To sum up, look for these 8 things when evaluating the best WordPress host for your site:
This might be obvious, but a host’s uptime percentage is probably the most important metric to use when evaluating a WordPress host. What kind of uptime guarantees does the host offer?
Consider these uptime stats frequently promoted by web hosts as they really relate to time:
- 99.999% uptime = 5 minutes downtime / year
- 99.99% uptime = 53 minutes downtime / year
- 99.9% uptime = 8 hours 45 minutes downtime / year
- 99% uptime = 3.65 days downtime / year
How much downtime can you afford? If you run an ecommerce store, downtime can be directly related to lost revenue. The risk of website downtime is much greater if you can lose money if your website goes down.
Ask what happens if your host can’t live up to their guarantee. If they screw up and their server crashes, can you get a refund? If you’re really concerned about downtime, you should also ask about their disaster planning. Things like earthquakes, tsunamis and even thunderstorms happen and they’ve been known to take down websites. Your host should be
prepared for the worst. It happens.
To help you get a better sense of the actual downtime of your site, use a WordPress maintenance service like Sync Pro that can notify you immediately when your site goes down via email or text. Sync Pro also gives you a quick look at your overall uptime and downtime stats.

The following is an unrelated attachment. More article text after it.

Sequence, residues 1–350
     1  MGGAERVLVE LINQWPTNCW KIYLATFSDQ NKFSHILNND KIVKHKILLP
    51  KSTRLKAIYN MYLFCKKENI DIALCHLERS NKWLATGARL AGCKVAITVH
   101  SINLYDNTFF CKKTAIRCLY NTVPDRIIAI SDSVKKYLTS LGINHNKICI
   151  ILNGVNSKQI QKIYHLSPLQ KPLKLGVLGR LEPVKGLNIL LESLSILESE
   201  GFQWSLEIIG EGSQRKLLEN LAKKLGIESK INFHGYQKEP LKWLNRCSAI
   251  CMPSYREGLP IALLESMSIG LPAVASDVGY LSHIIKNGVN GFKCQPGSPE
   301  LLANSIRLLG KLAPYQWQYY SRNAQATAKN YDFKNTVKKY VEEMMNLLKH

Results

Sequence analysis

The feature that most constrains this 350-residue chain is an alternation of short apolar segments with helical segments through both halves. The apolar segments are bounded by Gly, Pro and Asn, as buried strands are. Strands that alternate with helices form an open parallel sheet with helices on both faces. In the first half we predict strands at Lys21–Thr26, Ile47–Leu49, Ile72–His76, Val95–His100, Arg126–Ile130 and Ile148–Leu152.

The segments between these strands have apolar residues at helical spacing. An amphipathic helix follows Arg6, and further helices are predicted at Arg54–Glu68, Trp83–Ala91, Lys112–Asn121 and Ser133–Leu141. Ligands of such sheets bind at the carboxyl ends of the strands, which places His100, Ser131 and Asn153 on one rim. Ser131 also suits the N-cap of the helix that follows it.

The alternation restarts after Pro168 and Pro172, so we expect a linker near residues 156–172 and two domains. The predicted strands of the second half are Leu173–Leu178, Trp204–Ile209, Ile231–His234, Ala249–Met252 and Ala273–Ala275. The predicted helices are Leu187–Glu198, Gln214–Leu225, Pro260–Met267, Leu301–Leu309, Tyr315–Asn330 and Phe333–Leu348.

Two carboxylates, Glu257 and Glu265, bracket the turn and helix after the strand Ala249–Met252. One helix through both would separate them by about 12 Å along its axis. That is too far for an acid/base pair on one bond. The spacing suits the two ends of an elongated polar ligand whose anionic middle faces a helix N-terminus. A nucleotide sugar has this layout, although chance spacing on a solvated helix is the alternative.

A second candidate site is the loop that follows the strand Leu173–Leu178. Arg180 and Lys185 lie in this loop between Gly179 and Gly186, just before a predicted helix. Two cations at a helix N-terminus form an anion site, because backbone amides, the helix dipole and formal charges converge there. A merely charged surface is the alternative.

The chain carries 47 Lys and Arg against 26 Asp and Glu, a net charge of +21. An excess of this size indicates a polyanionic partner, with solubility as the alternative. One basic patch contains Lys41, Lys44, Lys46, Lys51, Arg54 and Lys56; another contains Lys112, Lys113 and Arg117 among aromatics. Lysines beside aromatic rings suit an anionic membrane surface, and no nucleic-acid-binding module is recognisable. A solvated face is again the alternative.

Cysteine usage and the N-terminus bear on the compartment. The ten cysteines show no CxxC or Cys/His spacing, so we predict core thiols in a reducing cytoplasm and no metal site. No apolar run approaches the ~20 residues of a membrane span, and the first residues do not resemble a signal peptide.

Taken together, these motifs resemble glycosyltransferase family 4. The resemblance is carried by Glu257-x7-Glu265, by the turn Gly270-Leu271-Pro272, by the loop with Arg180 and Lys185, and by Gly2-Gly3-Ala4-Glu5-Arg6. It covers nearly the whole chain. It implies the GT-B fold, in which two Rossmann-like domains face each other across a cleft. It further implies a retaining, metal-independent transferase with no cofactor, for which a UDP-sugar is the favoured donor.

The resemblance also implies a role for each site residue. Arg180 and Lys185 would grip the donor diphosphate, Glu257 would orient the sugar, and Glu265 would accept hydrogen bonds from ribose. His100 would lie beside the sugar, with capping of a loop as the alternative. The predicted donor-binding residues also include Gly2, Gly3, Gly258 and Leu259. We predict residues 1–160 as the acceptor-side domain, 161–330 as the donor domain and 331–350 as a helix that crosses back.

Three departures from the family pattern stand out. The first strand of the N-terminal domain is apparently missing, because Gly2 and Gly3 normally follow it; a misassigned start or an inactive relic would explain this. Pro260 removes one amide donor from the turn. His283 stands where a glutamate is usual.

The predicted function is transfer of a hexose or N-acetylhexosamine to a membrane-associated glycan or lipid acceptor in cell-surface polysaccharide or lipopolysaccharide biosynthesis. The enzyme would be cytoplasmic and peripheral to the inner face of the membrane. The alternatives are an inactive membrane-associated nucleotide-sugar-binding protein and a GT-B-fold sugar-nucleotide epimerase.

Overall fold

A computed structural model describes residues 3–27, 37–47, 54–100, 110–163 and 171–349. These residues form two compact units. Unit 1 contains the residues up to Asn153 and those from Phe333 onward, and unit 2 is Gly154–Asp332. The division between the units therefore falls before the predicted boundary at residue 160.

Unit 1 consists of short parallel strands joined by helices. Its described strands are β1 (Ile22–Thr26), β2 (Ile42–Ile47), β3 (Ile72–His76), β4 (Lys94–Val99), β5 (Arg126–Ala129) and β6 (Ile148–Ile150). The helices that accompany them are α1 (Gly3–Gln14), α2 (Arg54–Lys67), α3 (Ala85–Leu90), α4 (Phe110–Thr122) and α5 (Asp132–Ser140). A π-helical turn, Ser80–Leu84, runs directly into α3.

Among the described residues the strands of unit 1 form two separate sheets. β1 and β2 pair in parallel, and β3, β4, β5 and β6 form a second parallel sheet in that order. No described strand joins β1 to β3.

The speed of your website impacts user experience and visitor bounces. Every second counts when it comes to page speed.
Consider these stats, according to this post on how loading time affects your bottom line:
- 47% of consumers expect a web page to load in 2 seconds or less.
- 40% of people abandon a website that takes more than 3 seconds to load.
- A 1 second delay in page response can result in a 7% reduction in conversions.
Speed can ultimately impact your SEO ranking. Google’s PageSpeed Insights tool analyzes the content of a web page and offers suggestions to make the page faster.
Is the server your site will be hosted on central to your core visitor group? The Internet is obviously global. But location still matters. If your site’s servers and primary audience are on opposite sides of the world, that can slow things down.
Again, since speed is a major concern for your site, pay attention to location. A global Content Delivery Network (or a large distributed system of servers in multiple data centers) can eliminate the location issue, but the location of your host is still worth considering.
A web hosting company’s reputation matters. How long has the company been around? Do they have fifteen years of experience or two? How do they respond to complaints? What do other folks say about this company? If any of the answers you find to these questions make you uneasy, you should probably keep looking.
Visit some forums online, like Web Hosting Talk and search for topics related to host performance, server speed, etc.
5. Customer Service
Is it 24/7 live U.S. support? Are the techs just answering the phones or actually fixing the issues presented?
Most of the time customer service isn’t something you worry about. But right now, it’s everything. And unlimited web space is worthless if you have problems and can’t get help.
Problems should come up very rarely, but when they do (and they probably will), you need to know you have solid support. Your host should offer 24/7 customer service that’s prompt, helpful and in the format that works best for you.
Customer service should be:
- Prompt: The best customer service should respond instantly. Depending on the severity of your issue, a wait time of around a few hours for a response should be reasonable, but you certainly don’t want to wait 24 hours for a response. That’s bad.